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Number of rows in a table?

colin shuker
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Joined: Apr 11, 2005
Posts: 744
Hi, I'm using a servlet to browse and modify entries
from a MS-Access database table.
Currently I have a ResultSet object, and I'm using the absolute()
method so that I can read any row.
I have 10 rows at the moment, so the servlet knows its range of
rows it can access. But suppose there were many rows, how would I
retrieve this number from the database?
I've just noticed the getFetchSize() method. Not sure if this is it.
I'll try it now.
[ September 19, 2005: Message edited by: Bear Bibeault ]
Avi Abrami
Ranch Hand

Joined: Oct 11, 2000
Posts: 1134

Colin,
In my opinion, the best way to see how many rows a query will return is to do a "SELECT COUNT(*)" -- before you do your actual query.

Good Luck,
Avi.

P.S. By the way, maybe you should test your servlet when there are 10,000 rows (and not just 10).
colin shuker
Ranch Hand

Joined: Apr 11, 2005
Posts: 744
Thanks, but I'm still unclear on how to do this.
Usually I would write
String query="SELECT column1, column2 FROM table"
but I don't understand how I can use SELCECT COUNT here.
I can't find any good examples either, and the sun API is
usually useless at explaining these things.
Any help is much appreciated.
Makarand Parab
Ranch Hand

Joined: Dec 10, 2004
Posts: 121
Hi
You will have to write a seperate query for getting the count.
1. First get the count [select count(*) from tablename]
2. Then go ahead with your existing logic.

Java api won't return you how many rows your query has fetched.

Let me know if u have any concern

Regards
Makarand Parab
colin shuker
Ranch Hand

Joined: Apr 11, 2005
Posts: 744
I dont understand how to do it.
How do I get the count, something like
int c="SELECT COUNT tablename";

but that won't work obviously because its a string.
[ September 20, 2005: Message edited by: colin shuker ]
Makarand Parab
Ranch Hand

Joined: Dec 10, 2004
Posts: 121
Colin
Write it this way

lets say
Connection conn = null;
Statement stmt = null;
ResultSet rs = null;
int count = 0 ;

conn = getConnection() - /*way to get connection object depends on you*/
stmt = conn.getStatement("Select count(*) from tablename")
rs = stmt.executeQuery();
while(rs.next())
{
count = rs.get(0);
}


This will give you the count of the rows you are looking for.


Regards
Makarand Parab
Makarand Parab
Ranch Hand

Joined: Dec 10, 2004
Posts: 121
Colin
Write it this way, More Updates

lets say
Connection conn = null;
Statement stmt = null;
ResultSet rs = null;
int count = 0 ;

conn = getConnection() - /*way to get connection object depends on you*/
stmt = conn.getStatement("Select count(*) from tablename")
rs = stmt.executeQuery();
while(rs.next())
{
count = Integer.parseInt((String)rs.getString(0));
}


This will give you the count of the rows you are looking for.

Regards
Makarand Parab
colin shuker
Ranch Hand

Joined: Apr 11, 2005
Posts: 744
OK, I think I see what your doing in the second message.
You are just iterating down through the ID column of
the table, then parsing the value to an int.
This seems like an unnecesary solution to my problem,
and I think I'm best off just using previous() and next(), so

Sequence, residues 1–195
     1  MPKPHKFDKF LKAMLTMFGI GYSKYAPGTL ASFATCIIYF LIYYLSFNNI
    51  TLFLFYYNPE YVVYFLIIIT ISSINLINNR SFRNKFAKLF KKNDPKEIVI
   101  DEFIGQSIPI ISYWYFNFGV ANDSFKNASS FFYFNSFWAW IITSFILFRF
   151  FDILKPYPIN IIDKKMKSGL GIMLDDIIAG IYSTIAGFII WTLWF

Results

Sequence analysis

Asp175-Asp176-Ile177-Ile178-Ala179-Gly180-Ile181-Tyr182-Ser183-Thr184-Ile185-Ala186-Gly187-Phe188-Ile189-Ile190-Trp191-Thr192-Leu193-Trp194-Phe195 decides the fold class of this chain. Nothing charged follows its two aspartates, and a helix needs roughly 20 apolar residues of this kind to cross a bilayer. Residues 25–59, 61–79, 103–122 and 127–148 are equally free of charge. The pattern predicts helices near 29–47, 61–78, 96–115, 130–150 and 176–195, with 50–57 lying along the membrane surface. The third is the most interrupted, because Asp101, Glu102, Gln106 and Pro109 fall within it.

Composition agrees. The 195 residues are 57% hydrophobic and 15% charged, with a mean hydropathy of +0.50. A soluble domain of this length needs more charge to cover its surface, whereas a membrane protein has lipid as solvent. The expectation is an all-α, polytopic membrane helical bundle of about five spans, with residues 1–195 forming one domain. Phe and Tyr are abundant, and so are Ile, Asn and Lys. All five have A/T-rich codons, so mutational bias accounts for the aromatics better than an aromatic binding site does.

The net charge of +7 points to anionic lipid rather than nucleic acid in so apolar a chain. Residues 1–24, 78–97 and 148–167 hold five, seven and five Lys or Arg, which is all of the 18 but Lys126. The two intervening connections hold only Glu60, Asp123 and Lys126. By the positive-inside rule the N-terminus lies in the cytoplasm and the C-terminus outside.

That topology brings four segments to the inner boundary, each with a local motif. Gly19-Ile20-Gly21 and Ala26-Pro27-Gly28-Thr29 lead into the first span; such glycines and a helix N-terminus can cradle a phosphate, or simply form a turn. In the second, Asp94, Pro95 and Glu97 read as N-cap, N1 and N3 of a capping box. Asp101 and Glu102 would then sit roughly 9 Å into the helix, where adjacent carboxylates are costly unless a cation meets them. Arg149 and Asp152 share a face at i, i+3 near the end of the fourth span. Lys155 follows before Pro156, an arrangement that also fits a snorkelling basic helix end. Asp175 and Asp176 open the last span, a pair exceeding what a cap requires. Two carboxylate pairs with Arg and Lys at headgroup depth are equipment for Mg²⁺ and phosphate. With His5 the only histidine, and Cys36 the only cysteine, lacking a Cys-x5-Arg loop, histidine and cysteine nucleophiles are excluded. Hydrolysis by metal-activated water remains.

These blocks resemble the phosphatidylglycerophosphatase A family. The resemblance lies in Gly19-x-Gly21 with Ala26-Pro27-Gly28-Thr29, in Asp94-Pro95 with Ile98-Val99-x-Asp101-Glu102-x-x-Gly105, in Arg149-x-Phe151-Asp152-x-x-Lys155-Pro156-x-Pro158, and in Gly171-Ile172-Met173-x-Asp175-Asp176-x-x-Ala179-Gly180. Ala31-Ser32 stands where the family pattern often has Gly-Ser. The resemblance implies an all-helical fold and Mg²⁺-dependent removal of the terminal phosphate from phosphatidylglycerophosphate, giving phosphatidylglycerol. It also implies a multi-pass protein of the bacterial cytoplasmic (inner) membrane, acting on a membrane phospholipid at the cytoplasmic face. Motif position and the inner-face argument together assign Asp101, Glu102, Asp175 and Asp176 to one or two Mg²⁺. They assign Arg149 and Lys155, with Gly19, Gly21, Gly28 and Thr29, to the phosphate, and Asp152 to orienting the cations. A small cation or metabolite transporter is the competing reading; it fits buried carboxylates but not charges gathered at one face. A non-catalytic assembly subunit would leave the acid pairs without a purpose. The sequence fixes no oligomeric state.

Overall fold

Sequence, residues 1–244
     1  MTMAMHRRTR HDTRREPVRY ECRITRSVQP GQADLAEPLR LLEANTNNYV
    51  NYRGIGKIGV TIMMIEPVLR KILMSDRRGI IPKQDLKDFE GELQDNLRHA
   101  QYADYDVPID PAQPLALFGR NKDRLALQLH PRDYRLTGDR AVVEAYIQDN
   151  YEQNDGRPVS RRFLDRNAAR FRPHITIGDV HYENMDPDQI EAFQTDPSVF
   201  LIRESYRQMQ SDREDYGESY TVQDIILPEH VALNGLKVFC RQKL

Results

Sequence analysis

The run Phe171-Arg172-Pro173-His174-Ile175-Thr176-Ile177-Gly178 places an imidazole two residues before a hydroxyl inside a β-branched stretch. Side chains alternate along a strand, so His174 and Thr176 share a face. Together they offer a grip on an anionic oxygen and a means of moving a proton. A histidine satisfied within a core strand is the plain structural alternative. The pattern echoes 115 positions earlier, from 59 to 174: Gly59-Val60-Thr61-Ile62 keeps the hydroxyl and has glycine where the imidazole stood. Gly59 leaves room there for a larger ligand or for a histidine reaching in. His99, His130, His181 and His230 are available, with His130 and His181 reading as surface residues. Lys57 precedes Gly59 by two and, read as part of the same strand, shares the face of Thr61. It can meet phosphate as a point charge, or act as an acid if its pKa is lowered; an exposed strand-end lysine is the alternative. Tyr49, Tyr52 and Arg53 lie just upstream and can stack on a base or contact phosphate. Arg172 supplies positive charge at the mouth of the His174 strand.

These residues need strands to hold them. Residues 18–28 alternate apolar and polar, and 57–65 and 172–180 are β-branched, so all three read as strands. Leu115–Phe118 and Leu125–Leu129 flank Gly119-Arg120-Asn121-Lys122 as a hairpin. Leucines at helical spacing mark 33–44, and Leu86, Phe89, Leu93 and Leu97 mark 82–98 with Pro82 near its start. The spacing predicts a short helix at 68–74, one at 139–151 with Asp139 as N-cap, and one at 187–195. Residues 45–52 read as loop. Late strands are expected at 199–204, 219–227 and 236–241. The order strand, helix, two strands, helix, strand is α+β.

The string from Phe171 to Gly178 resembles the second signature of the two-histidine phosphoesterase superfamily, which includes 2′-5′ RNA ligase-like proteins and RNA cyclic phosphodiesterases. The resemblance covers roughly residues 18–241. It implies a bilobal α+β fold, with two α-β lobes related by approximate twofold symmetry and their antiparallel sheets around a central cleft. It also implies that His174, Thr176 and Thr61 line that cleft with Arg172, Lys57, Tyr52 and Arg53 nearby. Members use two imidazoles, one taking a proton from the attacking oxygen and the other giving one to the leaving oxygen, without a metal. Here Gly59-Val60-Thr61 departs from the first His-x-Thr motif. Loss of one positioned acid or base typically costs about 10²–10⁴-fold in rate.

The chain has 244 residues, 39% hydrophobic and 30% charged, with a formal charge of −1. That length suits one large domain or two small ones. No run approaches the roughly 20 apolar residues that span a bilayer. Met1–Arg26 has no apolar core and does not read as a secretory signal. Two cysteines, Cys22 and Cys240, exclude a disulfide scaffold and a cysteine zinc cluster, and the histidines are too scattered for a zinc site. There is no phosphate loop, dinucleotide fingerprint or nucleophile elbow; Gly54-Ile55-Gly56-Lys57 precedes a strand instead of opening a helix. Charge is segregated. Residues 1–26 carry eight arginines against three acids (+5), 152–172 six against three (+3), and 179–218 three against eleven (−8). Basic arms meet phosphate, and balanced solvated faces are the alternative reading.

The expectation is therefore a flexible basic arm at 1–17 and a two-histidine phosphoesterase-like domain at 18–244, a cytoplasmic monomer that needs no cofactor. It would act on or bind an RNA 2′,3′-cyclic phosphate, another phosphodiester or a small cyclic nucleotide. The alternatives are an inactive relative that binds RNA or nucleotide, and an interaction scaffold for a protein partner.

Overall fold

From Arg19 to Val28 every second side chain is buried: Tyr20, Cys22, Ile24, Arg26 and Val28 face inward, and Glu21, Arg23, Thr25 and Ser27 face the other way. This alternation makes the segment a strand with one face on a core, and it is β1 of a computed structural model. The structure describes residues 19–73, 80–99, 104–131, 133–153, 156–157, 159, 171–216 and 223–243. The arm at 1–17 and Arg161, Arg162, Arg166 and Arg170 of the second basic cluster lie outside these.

that I don't end up searching rows that are outside the table.
I assumed there would be a direct way to get the number of rows.
But it seems wrong to do it this way, when I can probably do this
more elegantly using previous() and next().
But thanks for your help, much appreciated.
Makarand Parab
Ranch Hand

Joined: Dec 10, 2004
Posts: 121
hey colin
You will get only row when you execute the query [select count(*) from tablename]. You don't have to iterate.
While(rs.next()) is written to check if the query is returning any value else count is zero
if rs.next() returns true means it is returning the value which we are assigning to the count variable

Lets says in the table u have 10 rows
U fire the query [select count(*) from tablename]
it will return 10
rs.next()will return true
count = Integer.parseInt((String)rs.getString("0")); will assign value 10 to the count variable

Hope u got it this time.

Regards
Makarand Parab
Maximilian Xavier Stocker
Ranch Hand

Joined: Sep 20, 2005
Posts: 381
Just to add my two cents. You should use COUNT(*). COUNT() is a SQL function that the database knows about so it is VERY efficient. On most DB's when you do a COUNT with no WHERE or HAVING then the database will return the number of rows that it knows about in it's collection of table meta-data and not even bother looking at the actual data at all.

So COUNT() is the way to go. I am not sure why in the above code there is a getString and a conversion to int. You should be able to call getInt or getLong on the value returned by COUNT without issues.

As far as the rs.next() goes. There were always be exactly 1 row in the result set returned by SELECT COUNT() FROM aTable; Even if there are no rows in the table the result set for the COUNT query will have one row with a 0. You do need to call rs.next once though as with all ResultSets because by convention the cursor for a ResultSet is positioned before the first row.

[Edit: I wanted to make clear that I am addressing the orginal poster (Colin). The other poster is correct but I just wanted to restate some of the points in the hope it may help to clarify them.]
[ September 20, 2005: Message edited by: Maximilian Stocker ]
Makarand Parab
Ranch Hand

Joined: Dec 10, 2004
Posts: 121
Maximilian Stocker
Thanks for your inputs. Learning new things and remembering old things is always fun. Thanks once again.

Regards
Makarand Parab
 
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